If you study the New Testament you will find and discover that the apostle Paul wrote thirteen letters which are now and have been found therein. Of those thirteen epistles you will find the apostle Paul begins and opens five which begin with the apostle Paul referring to himself as an apostle of Jesus Christ unto the Gentiles which were in the region of Asia. Those five epistles were the first epistle written unto the saints which were at Corinth, the second epistle which was written unto the saints which were at Corinth, the third epistle was the epistle which was written unto the churches which were in Asia, the fourth epistles was the epistle which was written unto the saints which were in Ephesus, and the fifth and final epistle was the epistle which was written unto the Colossians. In three of those epistles the Paul did not begin by referring to himself as an apostle of Jesus Christ, but rather as a servant of Jesus Christ. The first of those epistles was the epistle which was written unto the saints which were at Rome, the second of those epistles was the epistle which was written unto the saints which were at Philippi, and the third epistle was the epistle which the apostle Paul wrote unto Titus. Thus far of the thirteen epistles which the apostle Paul wrote unto churches and individuals alike, five of those epistles began with the apostle Paul referring to himself as an apostle of the Lord Jesus Christ. Three of the thirteen epistles which the apostle Paul wrote began with his referring to himself as a servant of the Lord Jesus Christ. What’s quite interesting—particularly and especially when you consider it in light of that which we find and read in the third chapter of the epistle written unto the Ephesians—is that when writing unto Philemon the apostle Paul began that epistle with the same words he used in the third chapter of this epistle. The apostle Paul began the epistle which was written unto Philemon with the words “Paul, a prisoner of Jesus Christ,” which is more than simply a title that was designating his position, role and title. When the apostle Paul wrote unto Philemon and spoke of himself as “a prisoner of Jesus Christ” that which the apostle Paul was doing was indicating and revealing unto Philemon his current state which was indeed and was in fact a prisoner.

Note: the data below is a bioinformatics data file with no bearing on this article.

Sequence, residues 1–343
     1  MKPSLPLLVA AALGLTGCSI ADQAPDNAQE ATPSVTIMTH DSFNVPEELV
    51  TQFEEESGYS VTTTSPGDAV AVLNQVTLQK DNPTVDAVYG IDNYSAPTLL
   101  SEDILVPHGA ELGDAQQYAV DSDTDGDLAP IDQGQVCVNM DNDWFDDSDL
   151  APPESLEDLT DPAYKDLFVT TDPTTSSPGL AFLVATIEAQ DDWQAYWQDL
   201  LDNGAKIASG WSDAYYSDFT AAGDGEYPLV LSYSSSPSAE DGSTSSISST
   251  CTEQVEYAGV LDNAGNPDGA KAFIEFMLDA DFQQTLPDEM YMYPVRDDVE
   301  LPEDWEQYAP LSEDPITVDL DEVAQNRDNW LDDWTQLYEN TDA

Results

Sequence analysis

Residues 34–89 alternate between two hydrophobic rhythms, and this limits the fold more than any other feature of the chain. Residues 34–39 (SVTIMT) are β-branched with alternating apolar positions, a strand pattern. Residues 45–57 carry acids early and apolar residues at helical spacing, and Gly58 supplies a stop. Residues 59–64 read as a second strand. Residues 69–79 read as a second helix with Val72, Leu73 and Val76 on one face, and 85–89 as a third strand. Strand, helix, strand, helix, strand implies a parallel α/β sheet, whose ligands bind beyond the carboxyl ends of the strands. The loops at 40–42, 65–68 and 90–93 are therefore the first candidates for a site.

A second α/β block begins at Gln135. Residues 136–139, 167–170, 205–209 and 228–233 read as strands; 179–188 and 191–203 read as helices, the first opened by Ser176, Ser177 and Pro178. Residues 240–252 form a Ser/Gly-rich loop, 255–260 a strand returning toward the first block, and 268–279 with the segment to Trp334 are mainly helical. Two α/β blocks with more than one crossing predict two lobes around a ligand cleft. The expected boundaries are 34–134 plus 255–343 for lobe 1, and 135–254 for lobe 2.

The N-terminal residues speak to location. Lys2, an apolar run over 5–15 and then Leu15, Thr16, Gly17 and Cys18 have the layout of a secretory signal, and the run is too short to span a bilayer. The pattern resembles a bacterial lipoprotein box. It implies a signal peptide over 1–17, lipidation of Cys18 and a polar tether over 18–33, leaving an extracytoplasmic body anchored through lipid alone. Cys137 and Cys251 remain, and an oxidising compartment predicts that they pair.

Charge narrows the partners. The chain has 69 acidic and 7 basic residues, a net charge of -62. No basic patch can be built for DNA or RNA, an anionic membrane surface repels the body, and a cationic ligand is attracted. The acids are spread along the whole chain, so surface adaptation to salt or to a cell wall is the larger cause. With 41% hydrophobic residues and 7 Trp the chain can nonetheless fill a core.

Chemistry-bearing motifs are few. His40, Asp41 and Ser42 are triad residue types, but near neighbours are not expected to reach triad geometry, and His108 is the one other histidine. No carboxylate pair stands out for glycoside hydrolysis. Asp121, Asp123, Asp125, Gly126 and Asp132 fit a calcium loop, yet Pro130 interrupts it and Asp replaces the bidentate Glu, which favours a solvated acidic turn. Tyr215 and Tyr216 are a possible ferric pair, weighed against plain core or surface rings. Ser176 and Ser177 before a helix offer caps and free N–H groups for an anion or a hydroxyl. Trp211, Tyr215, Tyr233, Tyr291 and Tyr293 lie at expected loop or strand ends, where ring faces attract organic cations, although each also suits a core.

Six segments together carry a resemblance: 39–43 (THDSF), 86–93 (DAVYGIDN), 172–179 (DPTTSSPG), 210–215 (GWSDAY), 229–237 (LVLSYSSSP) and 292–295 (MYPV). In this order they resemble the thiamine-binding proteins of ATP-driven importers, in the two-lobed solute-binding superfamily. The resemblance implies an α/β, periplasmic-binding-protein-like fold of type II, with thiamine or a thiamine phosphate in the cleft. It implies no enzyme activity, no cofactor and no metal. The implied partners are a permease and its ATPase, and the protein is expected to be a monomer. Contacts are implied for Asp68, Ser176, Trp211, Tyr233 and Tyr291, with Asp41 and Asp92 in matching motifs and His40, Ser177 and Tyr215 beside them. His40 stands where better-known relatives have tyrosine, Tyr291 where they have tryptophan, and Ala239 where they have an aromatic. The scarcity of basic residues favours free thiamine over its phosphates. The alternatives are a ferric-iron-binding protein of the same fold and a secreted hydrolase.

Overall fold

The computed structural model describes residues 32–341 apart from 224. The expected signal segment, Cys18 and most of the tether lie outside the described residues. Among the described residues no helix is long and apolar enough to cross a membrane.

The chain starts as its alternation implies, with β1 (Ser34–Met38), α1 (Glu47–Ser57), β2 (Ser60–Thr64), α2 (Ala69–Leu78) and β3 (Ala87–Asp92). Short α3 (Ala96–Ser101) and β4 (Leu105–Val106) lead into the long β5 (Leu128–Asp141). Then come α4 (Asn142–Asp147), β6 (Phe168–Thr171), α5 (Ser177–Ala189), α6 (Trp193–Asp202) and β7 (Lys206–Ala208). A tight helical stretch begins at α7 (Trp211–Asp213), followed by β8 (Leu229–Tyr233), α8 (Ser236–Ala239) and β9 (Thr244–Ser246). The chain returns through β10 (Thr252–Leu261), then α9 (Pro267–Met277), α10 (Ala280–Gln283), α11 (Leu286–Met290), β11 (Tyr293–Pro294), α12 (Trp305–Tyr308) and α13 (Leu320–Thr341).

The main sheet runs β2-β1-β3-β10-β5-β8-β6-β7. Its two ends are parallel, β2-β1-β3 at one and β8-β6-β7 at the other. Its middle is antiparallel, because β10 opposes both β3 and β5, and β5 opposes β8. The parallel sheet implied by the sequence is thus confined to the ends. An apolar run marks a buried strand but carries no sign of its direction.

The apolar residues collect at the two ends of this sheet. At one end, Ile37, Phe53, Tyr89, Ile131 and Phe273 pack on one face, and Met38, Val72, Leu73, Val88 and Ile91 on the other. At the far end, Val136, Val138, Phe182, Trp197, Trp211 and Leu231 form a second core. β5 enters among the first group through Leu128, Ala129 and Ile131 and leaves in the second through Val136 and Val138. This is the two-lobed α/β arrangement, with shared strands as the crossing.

If you study the thirteen epistles which the apostle Paul wrote unto individuals and churches alike you will find that there were four of those thirteen epistles which were, have been, and are still commonly known as “the prison epistles.”: What I mean by “prison epistles” is those epistles which weren’t written from a place of freedom and liberty, but epistles which were written from a place of bondage and imprisonment. If you read and study the New Testament book of the Acts of the apostles you will find and discover that there were specific instances when the apostle Paul was himself imprisoned over his ministry for and on behalf of the kingdom of God. More specifically, the apostle Paul wasn’t merely imprisoned because of the words which he preached concerning Jesus Christ and the gospel of the kingdom, but also because of the signs, the wonders and the miracles he performed by the demonstration of the Spirit of God. The apostle Paul was certainly no stranger to suffering for Christ, nor the persecution which came as a result of living ion this world as a servant for the Lord Jesus Christ. What’s more, is that the apostle Paul was certainly no stranger to being cast into prisons and put in chains for the sake of the gospel concerning Jesus Christ. I have already mentioned that four of the epistles which the apostle Paul were not written from a place of liberty and freedom as the others were, but were written from a place of chains, shackles, fetters and prison bars. Of the thirteen epistles which the apostle Paul wrote which are found in the New Testament four of those epistles were written specifically and directly from prison. The third chapter of the epistle which was written unto the saints which were at Ephesus indicates that the epistle of Ephesians was written from a place of bondage and imprisonment. The very fact that he began the epistle written unto Philemon with the words “a prisoner of Jesu Christ” suggests and reveals that when writing this epistle the apostle Paul was once more imprisoned and was no moving around as a free man. Later on in the epistle which was written unto Philemon the apostle Paul would rise the following words: “yet for love’s sake I rather beseech thee, being such an one as Paul the aged, and now also a prisoner of Jesus Christ” (Philemon 9).